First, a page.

Women’s basketball avenges Final Four loss with upset of UConn

Nov. 18, 2014, 12:23 a.m.

With its 88-86 overtime win over the defending national champions, Connecticut, the Stanford women’s basketball team avenged its loss to the No. 1 Huskies in the Final Four last April and silenced the widely believed notion that this would be a rebuilding year for Tara VanDerveer and company.

(MIKE KHEIR/The Stanford Daily)
Sophomore guard Lili Thompson (above) paced the Cardinal offense with 24 points to lead all players in scoring. (MIKE KHEIR/The Stanford Daily)

“It just shows that we’re very determined this year and that we’re not just going to be written off,” said senior guard Bonnie Samuelson. “We’ve been working so hard in the off-season and we know we have a very new team and a lot of new people but we’re just very excited about this win and about keeping it going.”

Despite being great underdogs, the No. 6 Card turned a questionable performance in the first half into a flawless performance to end regulation time and in the five minutes of overtime, only trailing the Huskies by as much as 10 at any point. Just as Connecticut played a perfect 20 minutes of basketball to end the last game against the Cardinal, it was Stanford this time around that dictated the pace of the game, frustrated the Huskies offensive gameplan and ultimately pulled off its only upset over Connecticut since snapping the team’s 90-game win streak in 2010.

Whereas in 2010, the Cardinal had the Ogwumike sisters to turn to and rely on, this year’s team had only each other to rely on and the knowledge that not any one player could carry the team — it had to be a group effort. Many thought that this year’s matchup would be mission impossible with the absence of a super star leader. Well, mission accomplished, because this Cardinal squad proved that it may not have one super star but multiple stars.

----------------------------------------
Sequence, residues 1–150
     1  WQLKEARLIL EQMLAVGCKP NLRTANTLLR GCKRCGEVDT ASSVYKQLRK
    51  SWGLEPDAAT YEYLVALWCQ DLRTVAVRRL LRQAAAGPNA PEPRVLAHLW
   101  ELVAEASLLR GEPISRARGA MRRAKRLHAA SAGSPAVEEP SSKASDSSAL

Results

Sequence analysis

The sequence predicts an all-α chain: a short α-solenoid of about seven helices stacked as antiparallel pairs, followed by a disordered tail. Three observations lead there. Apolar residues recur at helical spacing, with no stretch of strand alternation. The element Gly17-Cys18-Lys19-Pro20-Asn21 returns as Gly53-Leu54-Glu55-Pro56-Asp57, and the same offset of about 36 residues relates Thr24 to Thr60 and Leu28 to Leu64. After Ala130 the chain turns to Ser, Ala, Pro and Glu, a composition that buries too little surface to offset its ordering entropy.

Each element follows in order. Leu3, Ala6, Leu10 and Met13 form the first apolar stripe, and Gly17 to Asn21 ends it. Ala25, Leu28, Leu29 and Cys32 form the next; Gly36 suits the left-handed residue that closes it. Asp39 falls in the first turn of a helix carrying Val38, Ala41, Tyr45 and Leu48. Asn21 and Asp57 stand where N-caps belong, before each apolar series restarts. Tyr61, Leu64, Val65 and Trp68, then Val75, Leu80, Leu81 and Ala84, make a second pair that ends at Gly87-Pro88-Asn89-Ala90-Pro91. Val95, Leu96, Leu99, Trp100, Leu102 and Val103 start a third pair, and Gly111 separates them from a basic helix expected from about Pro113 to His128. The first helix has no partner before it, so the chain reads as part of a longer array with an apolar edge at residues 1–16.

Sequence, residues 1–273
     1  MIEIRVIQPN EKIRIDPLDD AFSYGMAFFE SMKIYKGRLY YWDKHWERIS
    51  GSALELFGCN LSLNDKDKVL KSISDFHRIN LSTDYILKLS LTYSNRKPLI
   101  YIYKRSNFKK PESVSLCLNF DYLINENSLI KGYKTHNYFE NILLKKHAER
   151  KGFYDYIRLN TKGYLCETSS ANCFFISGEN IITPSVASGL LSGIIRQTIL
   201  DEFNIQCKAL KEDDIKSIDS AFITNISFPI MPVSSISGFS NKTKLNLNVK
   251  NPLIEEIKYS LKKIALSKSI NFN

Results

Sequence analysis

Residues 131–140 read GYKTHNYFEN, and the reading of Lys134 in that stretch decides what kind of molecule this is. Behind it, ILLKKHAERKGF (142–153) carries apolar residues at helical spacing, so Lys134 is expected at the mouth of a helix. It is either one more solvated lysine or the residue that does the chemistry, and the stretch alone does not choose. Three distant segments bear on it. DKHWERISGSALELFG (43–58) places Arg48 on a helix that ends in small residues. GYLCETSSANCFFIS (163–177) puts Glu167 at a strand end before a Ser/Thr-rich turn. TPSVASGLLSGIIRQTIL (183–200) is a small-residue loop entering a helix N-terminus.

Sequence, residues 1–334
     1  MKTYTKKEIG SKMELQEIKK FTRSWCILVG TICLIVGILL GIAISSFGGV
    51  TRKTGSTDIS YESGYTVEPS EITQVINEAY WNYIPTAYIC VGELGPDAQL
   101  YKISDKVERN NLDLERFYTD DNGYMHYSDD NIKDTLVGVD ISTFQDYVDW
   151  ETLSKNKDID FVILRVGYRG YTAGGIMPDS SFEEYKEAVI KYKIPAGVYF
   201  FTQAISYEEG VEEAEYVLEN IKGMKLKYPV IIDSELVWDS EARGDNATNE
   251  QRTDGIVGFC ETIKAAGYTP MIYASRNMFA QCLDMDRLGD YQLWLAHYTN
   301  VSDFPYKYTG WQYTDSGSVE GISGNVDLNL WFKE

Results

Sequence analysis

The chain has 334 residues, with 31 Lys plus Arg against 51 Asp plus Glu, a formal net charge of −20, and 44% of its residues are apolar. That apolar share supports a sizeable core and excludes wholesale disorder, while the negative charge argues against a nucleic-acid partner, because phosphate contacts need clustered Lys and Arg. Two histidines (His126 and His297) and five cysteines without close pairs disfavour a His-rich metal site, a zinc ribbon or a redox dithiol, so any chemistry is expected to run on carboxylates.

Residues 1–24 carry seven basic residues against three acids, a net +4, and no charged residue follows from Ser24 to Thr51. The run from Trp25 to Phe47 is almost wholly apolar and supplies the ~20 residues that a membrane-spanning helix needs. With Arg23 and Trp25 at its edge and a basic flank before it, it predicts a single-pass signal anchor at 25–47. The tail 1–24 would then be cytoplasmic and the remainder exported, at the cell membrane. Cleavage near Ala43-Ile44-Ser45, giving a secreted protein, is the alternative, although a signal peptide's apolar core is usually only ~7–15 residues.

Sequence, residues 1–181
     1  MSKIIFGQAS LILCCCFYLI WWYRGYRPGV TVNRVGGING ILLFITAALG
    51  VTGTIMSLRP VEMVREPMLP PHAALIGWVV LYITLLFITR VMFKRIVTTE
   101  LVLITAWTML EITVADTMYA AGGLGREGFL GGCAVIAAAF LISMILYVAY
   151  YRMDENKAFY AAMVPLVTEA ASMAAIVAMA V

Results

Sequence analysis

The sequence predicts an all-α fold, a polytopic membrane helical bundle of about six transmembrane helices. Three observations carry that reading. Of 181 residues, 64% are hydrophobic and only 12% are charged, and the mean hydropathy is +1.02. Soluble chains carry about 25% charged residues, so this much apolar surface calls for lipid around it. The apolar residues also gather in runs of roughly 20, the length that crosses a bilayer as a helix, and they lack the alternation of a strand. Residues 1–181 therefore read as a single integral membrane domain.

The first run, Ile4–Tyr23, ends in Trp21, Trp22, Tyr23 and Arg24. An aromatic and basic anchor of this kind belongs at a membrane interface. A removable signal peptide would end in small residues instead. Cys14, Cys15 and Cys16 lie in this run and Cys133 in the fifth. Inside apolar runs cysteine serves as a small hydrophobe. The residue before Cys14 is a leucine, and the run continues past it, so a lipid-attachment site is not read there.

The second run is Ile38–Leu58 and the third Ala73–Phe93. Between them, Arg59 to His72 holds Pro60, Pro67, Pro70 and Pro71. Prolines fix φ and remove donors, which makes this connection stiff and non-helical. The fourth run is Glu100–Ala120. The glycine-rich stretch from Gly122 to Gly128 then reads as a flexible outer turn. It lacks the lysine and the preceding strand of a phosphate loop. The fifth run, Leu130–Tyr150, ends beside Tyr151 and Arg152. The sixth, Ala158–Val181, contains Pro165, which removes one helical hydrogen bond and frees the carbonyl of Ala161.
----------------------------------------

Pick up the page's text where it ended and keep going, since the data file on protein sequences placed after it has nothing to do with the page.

“Our offense has changed, our personnel has changed, but we’re just as determined as we’ve ever been,” said sophomore point guard Lili Thompson.

Thompson scored 14 points in the second half to propel the Cardinal offense after contributing just 6 points to start to game. She led all scorers with 24 points and hit the two free throws at the end of the second half that set up senior point guard Amber Orrange to knock down the layup that would put the Card within 2 points and to then hit the game-tying 3-pointer at the end of regulation. Orrange finished the game with 17 points, 5 rebounds and 2 steals.

“We ran a play for Bonnie [Samuelson] to get Bonnie open and then when she got the ball everybody just sucked over to her and then she just took a dribble and passed to me. I was surprised that I was calm when I took the shot,” said Orrange of her 3-point shot that sent the game into overtime.

The veteran Cardinal looked poised and confident for the entirety of the second half however, putting her head down, going hard to the basket and coming up with 7 points in four minutes to end the second half and spark the Card’s comeback.

The Cardinal again had to play catch-up in overtime after Connecticut hit a quick three in its opening drive. Three points would be all that the Huskies would lead by, however, as Stanford took the lead off of four made free throws by Thompson and Samuelson. Samuelson finished the game as the third Stanford player to score in double digits with 14. Samuelson has also had to make adjustments on offense, forced to play the forward position for lack of personnel.